NOW it almost seems it's becoming too much with all the highrises popping up there. Too much of a good thing?

Anonymous said...

For those of you who are newcomers, Clarendon has a history that dates back to 1900, when a developer platted some land where new trolley line crossed the Georgetown-Falls Church Road (now Wilson Blvd.). The trolley initially connected Rosslyn and Falls Church, but later was extended to downtown DC and Fairfax City, with a major trolley junction and station in Clarendon.

As a result, Clarendon became Arlington's downtown. Metrorail's Orange line follows the route of the trolley line, as does Fairfax Drive and part of Clarendon Blvd.

Clarendon's greatest growth was in the 1930's and 1940's. This was the art deco era. Clarendon still retains a number of historic buildings with art deco features. However, Clarendon's grossly ignorant and greedy business owners have covered over many these features with awnings, signs, etc. Developers have already destroyed some of these buildings, even during the past several years.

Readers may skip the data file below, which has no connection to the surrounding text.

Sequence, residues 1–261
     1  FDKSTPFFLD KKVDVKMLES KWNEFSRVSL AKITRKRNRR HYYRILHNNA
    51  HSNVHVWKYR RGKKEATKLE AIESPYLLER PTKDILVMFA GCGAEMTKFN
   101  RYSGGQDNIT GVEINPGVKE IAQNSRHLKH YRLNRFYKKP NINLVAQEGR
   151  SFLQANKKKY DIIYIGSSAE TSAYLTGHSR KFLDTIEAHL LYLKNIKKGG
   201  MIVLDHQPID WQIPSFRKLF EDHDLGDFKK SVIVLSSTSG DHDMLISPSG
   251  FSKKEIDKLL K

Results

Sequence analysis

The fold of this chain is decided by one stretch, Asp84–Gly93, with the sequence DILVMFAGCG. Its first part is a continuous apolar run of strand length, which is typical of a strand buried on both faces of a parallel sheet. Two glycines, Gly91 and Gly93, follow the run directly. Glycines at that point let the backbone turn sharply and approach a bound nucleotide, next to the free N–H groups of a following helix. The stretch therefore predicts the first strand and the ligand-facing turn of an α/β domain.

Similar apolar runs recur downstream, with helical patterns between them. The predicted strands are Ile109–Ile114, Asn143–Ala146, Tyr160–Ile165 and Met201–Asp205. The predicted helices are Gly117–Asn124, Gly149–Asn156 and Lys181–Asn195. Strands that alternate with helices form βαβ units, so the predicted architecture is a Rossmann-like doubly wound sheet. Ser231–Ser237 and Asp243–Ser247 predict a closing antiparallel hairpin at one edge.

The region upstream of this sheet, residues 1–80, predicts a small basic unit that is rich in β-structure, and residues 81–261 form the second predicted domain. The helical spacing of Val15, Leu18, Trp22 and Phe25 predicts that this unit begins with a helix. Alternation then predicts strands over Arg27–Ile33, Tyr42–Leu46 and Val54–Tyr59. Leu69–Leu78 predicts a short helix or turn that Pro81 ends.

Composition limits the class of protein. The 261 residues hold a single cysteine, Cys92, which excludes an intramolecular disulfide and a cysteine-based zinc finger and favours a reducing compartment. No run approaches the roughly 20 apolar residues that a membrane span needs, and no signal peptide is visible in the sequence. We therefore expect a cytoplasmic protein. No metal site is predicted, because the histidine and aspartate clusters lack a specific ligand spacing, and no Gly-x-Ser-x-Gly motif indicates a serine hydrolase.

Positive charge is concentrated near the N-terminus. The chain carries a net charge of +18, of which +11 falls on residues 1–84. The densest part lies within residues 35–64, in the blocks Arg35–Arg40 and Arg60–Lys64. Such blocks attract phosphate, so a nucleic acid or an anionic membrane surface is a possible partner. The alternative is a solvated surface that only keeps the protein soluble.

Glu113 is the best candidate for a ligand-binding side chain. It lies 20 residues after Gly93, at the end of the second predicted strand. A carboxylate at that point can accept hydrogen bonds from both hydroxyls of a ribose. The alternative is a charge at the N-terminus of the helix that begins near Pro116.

This stupidity and greed is a tragedy, because Clarendon still contains the largest collection of art deco (streamline moderne)buildings and store frontages in the Washington Metropolitan Area. You can see the buildings and frontages along Wilson Blvd and N. Highland Street, but you have to look closely and imagine what is beneath each of the awnings and signs.

The loss and covering of these historic features is costing Clarendon its opportunity to become a major historic tourist destination. Greed, ignorance and shortsightedness by Clarendon's business community, developers and residents continues to contribute to this loss. Few people recognize this. Even fewer are willing to do anything to stop this.